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Unless you are a Texan, you cannot say stupid things about Texas, lest we bring the full wrath of our state bearing down upon you. Case in point, the response to Fredricka Whitfield, the CNN host who called the Dallas gunman “courageous and brave.” She has since apologized and said she “misspoke,” but Lieutenant Governor Dan Patrick is having none of it. Yesterday, he sent the following letter to CNN president Jeffrey Zucker, calling for Whitfield’s removal.
— Cody Lillich (@CodyLillich) June 15, 2015
Rangers to the Racial Rescue – Police aren’t so great at investigating police, which probably explains why the Texas Rangers have taken over the investigation of the McKinney pool incident. “I have full confidence in the good men and women of the McKinney Police Department and their ability to fully investigate this matter,” said Collin County district attorney Greg Willis in a press release. “At the same time, an independent investigation of this incident will add an important layer of transparency to the process.” As most of the news reports note, “Willis declined to further comment on the decision or incident because it’s an ongoing investigation.” McKinney police chief Greg Conley had his own statement yesterday as well, announcing that “his department will continue to review the incident ‘to evaluate current policies, practices, and procedures. The McKinney Police Department intends to be fully forthcoming and cooperative throughout the investigation.’”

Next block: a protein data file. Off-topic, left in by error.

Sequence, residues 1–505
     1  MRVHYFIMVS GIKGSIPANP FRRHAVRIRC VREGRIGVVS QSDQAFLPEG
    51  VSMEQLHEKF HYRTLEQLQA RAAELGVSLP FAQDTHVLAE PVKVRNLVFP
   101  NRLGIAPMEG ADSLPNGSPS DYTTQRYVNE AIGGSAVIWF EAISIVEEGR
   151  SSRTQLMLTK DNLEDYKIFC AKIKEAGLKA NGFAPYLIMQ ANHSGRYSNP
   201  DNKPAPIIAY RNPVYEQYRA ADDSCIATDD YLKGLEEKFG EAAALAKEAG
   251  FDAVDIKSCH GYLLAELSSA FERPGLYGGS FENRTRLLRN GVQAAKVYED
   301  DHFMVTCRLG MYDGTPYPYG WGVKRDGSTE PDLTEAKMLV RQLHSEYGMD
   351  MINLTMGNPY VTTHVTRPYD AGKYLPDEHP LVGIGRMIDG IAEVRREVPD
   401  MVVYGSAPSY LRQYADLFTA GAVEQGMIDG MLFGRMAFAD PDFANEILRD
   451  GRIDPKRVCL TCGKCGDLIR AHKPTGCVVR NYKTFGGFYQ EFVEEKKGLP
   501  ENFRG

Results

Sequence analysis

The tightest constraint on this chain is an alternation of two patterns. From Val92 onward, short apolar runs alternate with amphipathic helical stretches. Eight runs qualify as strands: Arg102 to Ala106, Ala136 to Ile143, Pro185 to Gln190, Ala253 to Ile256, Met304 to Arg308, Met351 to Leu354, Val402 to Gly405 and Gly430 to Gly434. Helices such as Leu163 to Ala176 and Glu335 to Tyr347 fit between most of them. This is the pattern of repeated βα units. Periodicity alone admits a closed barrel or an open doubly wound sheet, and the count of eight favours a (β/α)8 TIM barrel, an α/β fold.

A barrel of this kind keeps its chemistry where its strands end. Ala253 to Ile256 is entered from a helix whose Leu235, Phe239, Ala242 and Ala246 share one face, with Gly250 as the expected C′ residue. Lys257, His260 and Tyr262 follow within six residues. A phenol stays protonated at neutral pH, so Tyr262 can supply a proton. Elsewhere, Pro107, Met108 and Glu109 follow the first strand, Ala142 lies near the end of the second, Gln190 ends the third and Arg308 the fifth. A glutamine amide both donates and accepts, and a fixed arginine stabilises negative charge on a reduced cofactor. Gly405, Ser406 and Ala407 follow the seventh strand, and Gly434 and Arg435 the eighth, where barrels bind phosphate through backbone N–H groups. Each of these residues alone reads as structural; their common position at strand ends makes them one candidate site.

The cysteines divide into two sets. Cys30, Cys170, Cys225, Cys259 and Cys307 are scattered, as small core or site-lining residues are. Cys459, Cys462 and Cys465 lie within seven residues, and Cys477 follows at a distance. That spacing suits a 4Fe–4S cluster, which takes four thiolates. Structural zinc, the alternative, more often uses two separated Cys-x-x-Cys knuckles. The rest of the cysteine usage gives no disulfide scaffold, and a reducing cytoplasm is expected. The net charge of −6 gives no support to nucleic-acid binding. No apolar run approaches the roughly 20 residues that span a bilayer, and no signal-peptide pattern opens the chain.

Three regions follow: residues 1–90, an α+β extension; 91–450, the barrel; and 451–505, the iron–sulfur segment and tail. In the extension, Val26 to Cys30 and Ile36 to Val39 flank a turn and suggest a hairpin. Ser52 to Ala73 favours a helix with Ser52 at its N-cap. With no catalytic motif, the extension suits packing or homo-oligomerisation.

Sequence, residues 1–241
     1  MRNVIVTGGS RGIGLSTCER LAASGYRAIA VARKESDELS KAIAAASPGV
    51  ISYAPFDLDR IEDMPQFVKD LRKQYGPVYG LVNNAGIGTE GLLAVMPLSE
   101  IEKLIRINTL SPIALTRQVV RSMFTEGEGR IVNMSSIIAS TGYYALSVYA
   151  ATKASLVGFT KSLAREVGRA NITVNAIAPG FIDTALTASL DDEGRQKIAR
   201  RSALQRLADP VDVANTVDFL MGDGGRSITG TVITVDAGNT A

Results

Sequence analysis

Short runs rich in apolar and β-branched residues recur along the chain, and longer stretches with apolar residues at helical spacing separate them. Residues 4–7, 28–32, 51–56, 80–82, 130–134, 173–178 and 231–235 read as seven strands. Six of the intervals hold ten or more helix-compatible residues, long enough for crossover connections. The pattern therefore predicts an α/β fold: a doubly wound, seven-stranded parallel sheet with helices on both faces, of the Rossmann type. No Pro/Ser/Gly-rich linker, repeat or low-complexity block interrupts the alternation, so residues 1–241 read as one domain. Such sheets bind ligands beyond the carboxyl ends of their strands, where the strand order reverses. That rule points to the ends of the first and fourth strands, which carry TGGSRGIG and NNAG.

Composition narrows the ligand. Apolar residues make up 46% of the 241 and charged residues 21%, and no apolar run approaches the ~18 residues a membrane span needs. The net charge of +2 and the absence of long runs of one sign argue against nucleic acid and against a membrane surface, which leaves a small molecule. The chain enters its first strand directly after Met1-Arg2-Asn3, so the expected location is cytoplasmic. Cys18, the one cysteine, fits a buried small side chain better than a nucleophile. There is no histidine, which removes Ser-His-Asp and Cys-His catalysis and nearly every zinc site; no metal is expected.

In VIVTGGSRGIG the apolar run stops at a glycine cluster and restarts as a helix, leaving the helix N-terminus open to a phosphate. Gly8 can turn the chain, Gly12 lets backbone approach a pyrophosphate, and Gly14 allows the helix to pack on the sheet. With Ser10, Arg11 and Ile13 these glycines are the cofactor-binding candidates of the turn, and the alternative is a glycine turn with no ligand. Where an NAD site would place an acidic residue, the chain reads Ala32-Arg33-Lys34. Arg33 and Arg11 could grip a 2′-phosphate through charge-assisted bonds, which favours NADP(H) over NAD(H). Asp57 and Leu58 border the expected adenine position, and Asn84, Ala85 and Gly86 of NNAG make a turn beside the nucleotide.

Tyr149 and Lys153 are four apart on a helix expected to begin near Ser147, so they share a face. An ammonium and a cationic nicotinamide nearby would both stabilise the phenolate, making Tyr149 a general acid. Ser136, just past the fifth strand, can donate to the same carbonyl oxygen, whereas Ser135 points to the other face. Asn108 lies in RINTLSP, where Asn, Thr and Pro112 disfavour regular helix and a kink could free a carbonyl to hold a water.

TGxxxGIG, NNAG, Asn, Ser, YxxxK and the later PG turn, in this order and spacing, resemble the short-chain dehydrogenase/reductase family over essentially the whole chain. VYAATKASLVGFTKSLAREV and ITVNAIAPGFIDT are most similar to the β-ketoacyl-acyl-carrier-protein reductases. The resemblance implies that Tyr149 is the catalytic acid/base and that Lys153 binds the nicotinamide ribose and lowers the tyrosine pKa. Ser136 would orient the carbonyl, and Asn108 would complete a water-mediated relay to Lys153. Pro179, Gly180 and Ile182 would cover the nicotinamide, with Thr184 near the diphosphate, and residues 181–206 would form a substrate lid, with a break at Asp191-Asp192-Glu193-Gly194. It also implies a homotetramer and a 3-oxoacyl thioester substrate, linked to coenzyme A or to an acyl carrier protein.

Bikers Bite Back – Just as a wee bit more information is being released about the Waco Twin Peaks shootout, bikers are begining to come forward with their own complaints over treatment. Matthew Clendennen, a biker who was arrested during the incident, held a press conference yesterday detailing the federal civil rights lawsuit he has filed as a means to “address the ‘carelessness from the justice system’ that has tarnished his reputation,” according to the Austin American-Statesman. Clendennen filed his lawsuit at the end of last month, but the biker yesterday described how he was simply a witness who ended up with a $1 million bond (eventually $10,000) and two weeks in jail. “We’re supposed to believe in our justice system and that it’s supposed to operate in a way that protects us and also a way of innocent until proven guilty. . . . It seems very obvious here, they took the opposite approach, guilty until proven guilty.” Clendennen is suing the city, the county, a police officer, and the chief of police. Officials did not respond, citing the ongoing investigation. For more details of what Clendenne said, be sure to read the Twitter feed of the Waco Tribune’s Olivia Messer, who provided live coverage of the press conference.
To Be Protected and Serve – After the Dallas Police Department was shot up, officials are looking at making their cop shop bulletproof, to the tune of $1,000 per square foot. “Mayor Mike Rawlings vowed Monday that money would be no object in providing long-term protection for Dallas officers,” writes the Morning News. In addition to the bulletproof glass, “a metal detector was moved to the entrance of headquarters, and every visitor must pass through it. That’s a change from before, when only those entering secure areas went through the detector. . . . Rawlings’ safety promise was lauded by police associations,” but they said they’ve been calling for increased security measures since at least 2013. Now, “in the coming weeks, Rawlings said, Chief David Brown will provide a report to city officials on what the department needs.” The trick, say officials, is having a secured area without it seeming like an intimidating cage for victims and witnesses. Good luck.